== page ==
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Our view: Auditor general behaving like those he is supposed to be bringing into line

Auditor-general Odysseas Michaelides

FROM THE FIRST day he was appointed Auditor-General, Odysseas Michaelides looked like a man on a mission to right all the wrongs in the state machinery. He was in a big hurry to investigate and expose everything that was suspect in the public sector and become the scourge of civil servants who did not obey the rules or follow correct procedures in making decisions.

The message was that this was not a man to be messed with as he had no intention of adopting his predecessor’s approach, which involved listing all irregularities and procedural violations in the annual report prepared by the office. Michaelides was pro-active, undertaking investigations on his own initiative whenever he felt a matter merited it and leaking his findings to the media as a way of ensuring there would be no cover-up.

The zeal with which he applied himself to the job was welcomed and he regularly received plaudits from the media which benefited from his habit of leaking stories. He was on a crusade to clean up public life and everyone warmed to him while ignoring his rather immature quest for attention and publicity manifested through his continuous leaks to the media. Michaelides carried out investigations into a wide range of subjects, trivial as well as important.

To his credit, he uncovered the corruption at the Paphos Sewerage Board, the dodgy rent contracts signed by TEPAK (people have been charged), exposed the squandering of CyTA money on football broadcasting rights and has also been investigating the shady deals by the Nicosia and Larnaca sewerage boards. It is an impressive record after a year-and-a-half in the job. During this time he has also issued reports on minor issues (appointment of a teacher) and announced big scandals (CTO) that he never pursued.

Overall, based on job performance and results, he has proved one of President Anastasiades’ better appointments. In the last week, however, he has let himself down badly, his behaviour indicating that his successes and public approval had gone to his head and clouded his judgment. This is a charitable way of viewing his public spat with interior minister Socratis Hasikos over the issuing of student visas for 800 Bangladeshis based on allegedly forged documentation.

The reality, however, is that he behaved deviously and arrogantly, indicating that his main objective was to hurt Hasikos, with whom he had a public falling out over a government waste treatment contract renewal a few weeks ago. The row was re-kindled at a House committee meeting on Tuesday, Hasikos insisting Michaelides was exceeding his powers while also having a dig at his rampant publicity-seeking and leaking of correspondence with ministries to the press.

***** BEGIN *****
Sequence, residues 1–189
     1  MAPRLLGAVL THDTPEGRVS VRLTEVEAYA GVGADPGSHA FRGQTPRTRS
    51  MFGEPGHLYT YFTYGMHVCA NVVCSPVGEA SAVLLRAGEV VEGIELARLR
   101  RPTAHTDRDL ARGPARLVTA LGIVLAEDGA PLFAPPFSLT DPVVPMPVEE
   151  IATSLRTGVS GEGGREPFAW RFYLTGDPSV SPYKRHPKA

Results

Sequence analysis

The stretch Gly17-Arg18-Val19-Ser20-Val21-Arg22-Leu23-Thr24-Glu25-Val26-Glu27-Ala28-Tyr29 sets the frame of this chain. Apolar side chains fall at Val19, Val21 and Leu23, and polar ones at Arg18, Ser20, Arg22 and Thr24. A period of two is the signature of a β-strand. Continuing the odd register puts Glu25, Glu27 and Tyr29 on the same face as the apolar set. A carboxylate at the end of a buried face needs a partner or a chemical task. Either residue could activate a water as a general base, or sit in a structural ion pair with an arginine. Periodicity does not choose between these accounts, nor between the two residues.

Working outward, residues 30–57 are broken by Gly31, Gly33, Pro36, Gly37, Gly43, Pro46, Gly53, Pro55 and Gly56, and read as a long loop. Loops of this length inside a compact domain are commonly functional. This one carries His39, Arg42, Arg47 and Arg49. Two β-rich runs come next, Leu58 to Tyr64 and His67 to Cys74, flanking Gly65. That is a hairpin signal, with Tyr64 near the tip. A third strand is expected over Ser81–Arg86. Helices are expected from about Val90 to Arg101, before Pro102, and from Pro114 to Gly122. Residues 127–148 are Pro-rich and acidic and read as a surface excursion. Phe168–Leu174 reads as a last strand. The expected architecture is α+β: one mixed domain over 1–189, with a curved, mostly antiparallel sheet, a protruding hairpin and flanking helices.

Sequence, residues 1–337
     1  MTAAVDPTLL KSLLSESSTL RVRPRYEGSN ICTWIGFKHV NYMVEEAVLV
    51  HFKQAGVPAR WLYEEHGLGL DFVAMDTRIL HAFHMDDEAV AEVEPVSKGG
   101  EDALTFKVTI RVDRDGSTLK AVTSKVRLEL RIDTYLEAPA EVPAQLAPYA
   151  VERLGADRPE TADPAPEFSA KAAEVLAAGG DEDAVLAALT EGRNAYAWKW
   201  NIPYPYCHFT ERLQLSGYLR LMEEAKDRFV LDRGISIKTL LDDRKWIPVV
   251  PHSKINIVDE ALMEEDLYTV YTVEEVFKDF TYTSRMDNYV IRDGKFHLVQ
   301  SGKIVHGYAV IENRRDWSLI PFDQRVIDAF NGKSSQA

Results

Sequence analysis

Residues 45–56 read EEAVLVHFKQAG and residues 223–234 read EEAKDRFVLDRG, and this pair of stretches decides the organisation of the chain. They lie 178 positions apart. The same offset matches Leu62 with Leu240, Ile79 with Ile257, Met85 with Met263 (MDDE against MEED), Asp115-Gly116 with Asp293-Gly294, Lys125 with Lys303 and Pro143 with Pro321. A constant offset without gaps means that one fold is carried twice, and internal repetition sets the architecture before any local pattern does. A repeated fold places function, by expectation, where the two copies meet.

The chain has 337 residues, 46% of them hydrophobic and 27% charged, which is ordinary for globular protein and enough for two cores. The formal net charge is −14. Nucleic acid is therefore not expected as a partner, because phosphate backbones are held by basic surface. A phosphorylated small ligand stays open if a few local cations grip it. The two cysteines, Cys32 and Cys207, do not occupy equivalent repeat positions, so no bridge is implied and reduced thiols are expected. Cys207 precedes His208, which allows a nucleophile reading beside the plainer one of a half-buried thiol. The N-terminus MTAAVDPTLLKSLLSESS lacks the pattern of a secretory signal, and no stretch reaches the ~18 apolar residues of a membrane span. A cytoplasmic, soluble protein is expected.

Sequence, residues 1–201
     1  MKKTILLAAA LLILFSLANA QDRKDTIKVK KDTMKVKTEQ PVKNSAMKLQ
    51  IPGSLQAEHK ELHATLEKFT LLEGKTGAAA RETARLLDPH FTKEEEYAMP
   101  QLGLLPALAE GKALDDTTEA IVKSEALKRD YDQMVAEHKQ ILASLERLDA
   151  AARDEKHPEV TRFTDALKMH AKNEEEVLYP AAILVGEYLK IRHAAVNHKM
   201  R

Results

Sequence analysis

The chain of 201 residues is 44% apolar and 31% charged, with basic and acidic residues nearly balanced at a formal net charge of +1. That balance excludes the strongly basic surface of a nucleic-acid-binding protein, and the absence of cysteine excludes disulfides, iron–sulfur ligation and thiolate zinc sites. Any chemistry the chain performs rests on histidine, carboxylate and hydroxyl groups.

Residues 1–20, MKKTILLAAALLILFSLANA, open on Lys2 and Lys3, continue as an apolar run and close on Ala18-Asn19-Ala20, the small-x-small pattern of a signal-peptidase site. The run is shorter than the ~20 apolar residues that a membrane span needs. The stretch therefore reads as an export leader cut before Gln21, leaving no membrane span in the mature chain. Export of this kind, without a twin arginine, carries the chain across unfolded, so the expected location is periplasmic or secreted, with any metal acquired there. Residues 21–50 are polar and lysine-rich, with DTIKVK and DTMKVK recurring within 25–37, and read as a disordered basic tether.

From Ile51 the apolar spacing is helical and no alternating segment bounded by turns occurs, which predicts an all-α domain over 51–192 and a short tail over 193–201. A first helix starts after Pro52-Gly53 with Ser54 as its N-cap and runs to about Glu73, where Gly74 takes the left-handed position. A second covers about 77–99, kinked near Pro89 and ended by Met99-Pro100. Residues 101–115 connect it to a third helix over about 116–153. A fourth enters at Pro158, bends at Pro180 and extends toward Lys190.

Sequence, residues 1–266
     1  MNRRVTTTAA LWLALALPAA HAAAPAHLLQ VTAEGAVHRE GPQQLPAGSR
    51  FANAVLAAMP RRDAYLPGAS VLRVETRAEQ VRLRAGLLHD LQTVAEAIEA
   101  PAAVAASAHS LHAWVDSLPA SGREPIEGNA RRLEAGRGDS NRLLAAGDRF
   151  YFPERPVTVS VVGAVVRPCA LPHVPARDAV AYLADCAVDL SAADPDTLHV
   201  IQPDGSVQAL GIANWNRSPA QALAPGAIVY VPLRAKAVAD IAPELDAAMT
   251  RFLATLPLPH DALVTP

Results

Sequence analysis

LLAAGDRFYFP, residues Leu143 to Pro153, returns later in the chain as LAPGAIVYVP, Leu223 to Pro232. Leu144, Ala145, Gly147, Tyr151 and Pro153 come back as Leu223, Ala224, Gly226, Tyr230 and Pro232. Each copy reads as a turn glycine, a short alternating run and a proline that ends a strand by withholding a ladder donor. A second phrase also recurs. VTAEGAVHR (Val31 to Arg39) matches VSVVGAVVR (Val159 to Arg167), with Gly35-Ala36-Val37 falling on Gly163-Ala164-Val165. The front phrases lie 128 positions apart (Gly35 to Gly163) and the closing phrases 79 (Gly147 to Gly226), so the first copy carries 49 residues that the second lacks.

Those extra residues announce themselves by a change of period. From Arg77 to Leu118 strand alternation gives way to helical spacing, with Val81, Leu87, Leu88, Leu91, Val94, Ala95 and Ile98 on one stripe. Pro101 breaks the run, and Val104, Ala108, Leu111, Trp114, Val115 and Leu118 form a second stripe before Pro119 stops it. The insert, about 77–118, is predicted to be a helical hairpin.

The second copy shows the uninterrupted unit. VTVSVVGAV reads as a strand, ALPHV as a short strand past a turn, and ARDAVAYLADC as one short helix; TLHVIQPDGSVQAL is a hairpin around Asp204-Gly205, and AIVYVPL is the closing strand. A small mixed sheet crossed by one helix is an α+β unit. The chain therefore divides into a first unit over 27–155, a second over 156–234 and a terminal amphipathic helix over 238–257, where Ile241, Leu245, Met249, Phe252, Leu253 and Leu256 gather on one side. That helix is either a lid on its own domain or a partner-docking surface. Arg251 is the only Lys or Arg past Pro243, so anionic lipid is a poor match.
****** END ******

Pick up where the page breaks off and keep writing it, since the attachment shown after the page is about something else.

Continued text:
The following day it was reported that Michaelides had earlier written to the Attorney-General asking him to look into “possible criminal offences” by the interior ministry in issuing visas to 800 students from Bangladesh based on forged documentation. His suspicions were “based on verbal complaints and relevant correspondence.” Now the Auditor-General was acting on gossip, instead of facts, as no concrete evidence existed to back the forgery allegations. Hasikos, having failed to receive confirmation from state services that the documentation was actually forged, signed off the visas having taken additional precautions for 50 applicants whose documentation was suspect.

The minister took the right decision based on documentation at his disposal and Michaelides had no business requesting an investigation by the Attorney-General on the strength of gossip he had heard. What was Hasikos supposed to have done to satisfy Michaelides – reject the visa applications of 800 students because an honorary consul suspected they were forged? And what was Michaelides thinking, making insinuations against the minister in the press? Has he now decided to behave as shabbily as a populist politician throwing dirt against his opponents?

It is a pity that Michaelides, after so much good work, is behaving exactly like those public officials that he is supposed to bring into line – abusing his power with the sole objective of putting a minister in a difficult position and judging a case not on facts, as is his job, but on gossip he had heard. In pursuing Hasikos he has shown himself to be neither impartial nor objective in the exercise of his duties as Auditor-General, behaving more like a politician with a personal grudge than an independent state official.

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